The Heterodox

The Heterodox


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Coming up from Underground

October 30, 2010 , , , ,

Within the past month there have been several important literary anniversary dates in which I felt impelled to commemorate in print. Today marks yet another notable literary occasion with the birth of Fyodor Mikhailovich Dostoevsky in 1821. Any well read individual has a work of Dostoevsky that has some significant value in their life. Most often you will hear people spout off about the influence of Crime and Punishment, The Idiot, or The Brothers Karamazov. For myself, the book I find the most intellectual nourishment from to this very day is Notes from Underground. Besides the book’s literary originality, I still marvel at how this book retains all of its modern sapidity in spite of its extreme brevity. There are few books from the twentieth century let alone from the nineteenth which still have this kind of dynamism.

For those of you who do not know what literary quality I am alluding to, please allow me the oppurtunity to enlighten you on the quality of this book of which I am speaking. In the first half of the twentieth century in which Existential philosophy was gaining prominence, many philosophers and scholars began to look for other writers whose prose gave off an existential effluvium. In a sense, they were trying to distill into existentialism writers who spoke on the modern predicament in which man finds himself in existing. In this camp one usually finds Dostoevsky as well as Franz Kafka, Albert Camus, and Rainer Maria Rilke—these writers in particular as they cover both the French and German schools of this philosophy. This era also happened to be the time in which Dostoevsky’s work in general was beginning to gain prominence in the West. As his value began to be recognized outside of Russia, many of his themes were closely examined within the gaze of philosophy.

Even after reading a mountain of scholarship on this subject, I still find it a stretch and a slight reproach to group Dostoevsky in with the existentialists, even as a proto-existentialist. I view the man as a brilliant writer who explored existential themes that were rife within the zeitgeist of his time. Because so much of his writing explores the ontic ideations found in the post-industrial urban wasteland, themes first proposed and investigated by Kierkegaard, I understand the logic behind trying to place him within the existential integument. I just see it as unnecessary. The slight reproach I suggest is in the fact that Dostoevsky was staggeringly aureate as a writer and deserves singular attention while not being grouped in with others simply for literary or intellectual convenience.

So what is it about Notes from Underground? Like Kierkegaard, Dostoevsky exquisitely wrote about the modern man who feels irretrievably alienated from the rest of society. A feeling that one often finds in the modern urban milieu, even to this day; a yearning to individualize from the suffocating bind of mass society. It was in the nineteenth century in which writers began to fully explore this domain of the individual, delving into the stygian depths of the human mind, and Dostoevsky in particular was exploring this land long before Freud and the psychoanalysts. In this book we meet a man who politely introduces himself and continues on to entreat us to his intellectual rants and sapient screeds on the spite he feels towards society and himself. Feeling no recourse, he explains his time underground and his not being able to escape from his misanthropic pangs.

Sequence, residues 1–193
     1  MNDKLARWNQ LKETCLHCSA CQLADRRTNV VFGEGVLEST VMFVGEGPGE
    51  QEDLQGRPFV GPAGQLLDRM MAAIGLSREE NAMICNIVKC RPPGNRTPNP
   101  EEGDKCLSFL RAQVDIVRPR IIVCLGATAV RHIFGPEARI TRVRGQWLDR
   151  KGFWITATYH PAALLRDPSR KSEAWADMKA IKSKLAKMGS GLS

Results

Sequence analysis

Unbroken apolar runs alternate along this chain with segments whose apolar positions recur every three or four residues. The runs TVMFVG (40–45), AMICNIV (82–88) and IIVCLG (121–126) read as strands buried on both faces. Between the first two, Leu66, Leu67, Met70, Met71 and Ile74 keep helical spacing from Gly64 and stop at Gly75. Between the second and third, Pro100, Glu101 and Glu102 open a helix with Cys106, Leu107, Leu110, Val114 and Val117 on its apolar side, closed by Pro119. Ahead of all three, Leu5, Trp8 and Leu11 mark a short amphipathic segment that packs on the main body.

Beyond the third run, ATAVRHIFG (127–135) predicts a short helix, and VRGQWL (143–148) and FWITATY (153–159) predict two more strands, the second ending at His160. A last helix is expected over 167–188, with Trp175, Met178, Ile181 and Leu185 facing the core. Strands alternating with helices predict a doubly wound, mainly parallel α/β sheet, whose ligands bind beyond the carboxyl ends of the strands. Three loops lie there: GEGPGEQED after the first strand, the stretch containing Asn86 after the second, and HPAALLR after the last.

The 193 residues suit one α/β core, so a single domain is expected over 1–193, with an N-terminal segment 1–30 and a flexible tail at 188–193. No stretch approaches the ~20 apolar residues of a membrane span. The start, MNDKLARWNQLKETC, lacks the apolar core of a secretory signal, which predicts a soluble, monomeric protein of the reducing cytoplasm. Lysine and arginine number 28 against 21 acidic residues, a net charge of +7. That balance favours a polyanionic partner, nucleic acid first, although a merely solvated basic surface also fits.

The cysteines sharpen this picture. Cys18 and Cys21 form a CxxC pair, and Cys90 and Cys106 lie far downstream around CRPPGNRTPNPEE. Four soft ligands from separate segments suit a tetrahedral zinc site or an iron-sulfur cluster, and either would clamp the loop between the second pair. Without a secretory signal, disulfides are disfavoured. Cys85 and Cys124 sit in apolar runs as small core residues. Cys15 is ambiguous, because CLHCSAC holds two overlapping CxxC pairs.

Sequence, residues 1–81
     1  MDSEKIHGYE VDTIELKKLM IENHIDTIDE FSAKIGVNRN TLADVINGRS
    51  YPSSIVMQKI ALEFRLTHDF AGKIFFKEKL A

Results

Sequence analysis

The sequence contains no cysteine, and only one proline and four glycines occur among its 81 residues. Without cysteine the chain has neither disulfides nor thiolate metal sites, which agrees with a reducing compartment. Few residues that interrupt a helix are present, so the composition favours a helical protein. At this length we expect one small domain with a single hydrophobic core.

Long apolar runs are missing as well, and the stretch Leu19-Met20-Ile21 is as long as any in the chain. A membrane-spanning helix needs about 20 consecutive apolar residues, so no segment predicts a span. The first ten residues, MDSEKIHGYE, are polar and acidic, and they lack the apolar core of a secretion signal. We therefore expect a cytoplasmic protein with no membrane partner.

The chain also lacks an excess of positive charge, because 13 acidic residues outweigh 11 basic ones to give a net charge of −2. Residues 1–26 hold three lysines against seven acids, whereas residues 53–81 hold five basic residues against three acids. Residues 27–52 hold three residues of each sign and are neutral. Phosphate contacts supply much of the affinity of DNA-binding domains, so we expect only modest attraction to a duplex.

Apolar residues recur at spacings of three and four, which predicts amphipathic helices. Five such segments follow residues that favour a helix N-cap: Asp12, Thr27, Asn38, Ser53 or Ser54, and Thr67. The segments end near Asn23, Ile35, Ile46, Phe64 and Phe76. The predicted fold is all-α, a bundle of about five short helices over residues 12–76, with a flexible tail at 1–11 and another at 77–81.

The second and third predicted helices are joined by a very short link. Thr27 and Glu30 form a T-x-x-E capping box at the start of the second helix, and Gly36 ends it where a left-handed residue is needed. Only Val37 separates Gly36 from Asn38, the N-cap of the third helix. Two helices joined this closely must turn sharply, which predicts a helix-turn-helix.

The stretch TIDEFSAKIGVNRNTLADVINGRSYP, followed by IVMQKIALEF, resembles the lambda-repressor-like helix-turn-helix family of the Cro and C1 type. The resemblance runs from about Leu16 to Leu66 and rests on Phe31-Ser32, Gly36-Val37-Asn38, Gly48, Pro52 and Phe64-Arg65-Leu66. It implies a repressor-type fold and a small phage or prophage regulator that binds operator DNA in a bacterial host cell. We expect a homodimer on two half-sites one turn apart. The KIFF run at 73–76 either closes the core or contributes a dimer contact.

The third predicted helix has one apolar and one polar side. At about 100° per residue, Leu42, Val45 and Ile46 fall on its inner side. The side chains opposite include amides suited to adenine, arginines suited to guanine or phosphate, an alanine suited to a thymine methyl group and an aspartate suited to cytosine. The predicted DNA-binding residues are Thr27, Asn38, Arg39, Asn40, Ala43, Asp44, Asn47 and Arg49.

He ultimately realizes that he both loves and hates himself just as he also loves and hates the way society views him. He shows us that the true underground realm of mankind is not to be found below the earth, but is instead only to be found within the boundraries of the skull, a place that during my tumultuous adolescence I too found refuge in. Dostoevsky makes it plain that for some of us, acumen is a curse in which one is accosted daily by the unlettered and mendacious world that our species finds itself in. But it is within this self-actualized nihilism that true meaning and solace can be found if one is brave enough to gaze at oneself through the veracious mirror of self-criticism. In this regard, I managed to be one of the lucky ones who was able to climb my way back to the surface, escaping by own self actualized chasm instead of succumbing to suicidal ideation.

So, it is not just his radiant and sardonic prose but a feeling of empathy and camaraderie that I get from Dostoevsky which is so endearing. A feeling that was also shared by Nietzsche, as he had acquired a French copy of Notes from Underground in 1887 and wrote many letters to his small circle of associates exclaiming the kinship he had found with the man in this book. Isolation and self-exile were themes that Nietzsche would have definitely found familiar, as do I. And even within the light of his vile antisemitism, Russian national chauvinism and Christian orthodoxy, I can still admire the man who wrote this book. That is a testament to his prosaic genius and in some way is what also allows me the means with which to ameliorate the man in my mind and let his words speak for themselves.

Man is a mystery: if you spend your entire life trying to puzzle it out, then do not say that you have wasted your time. I occupy myself with this mystery, because I want to be a man.

—Dostoevsky, 1839

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Dostoevsky was a good writer, but I always found the philosopher Kierkegaard to be a genius of the first order.


October 30, 2010

I could not agree more. Soren is the only theist whose thoughts I respect, now or in history.


October 30, 2010

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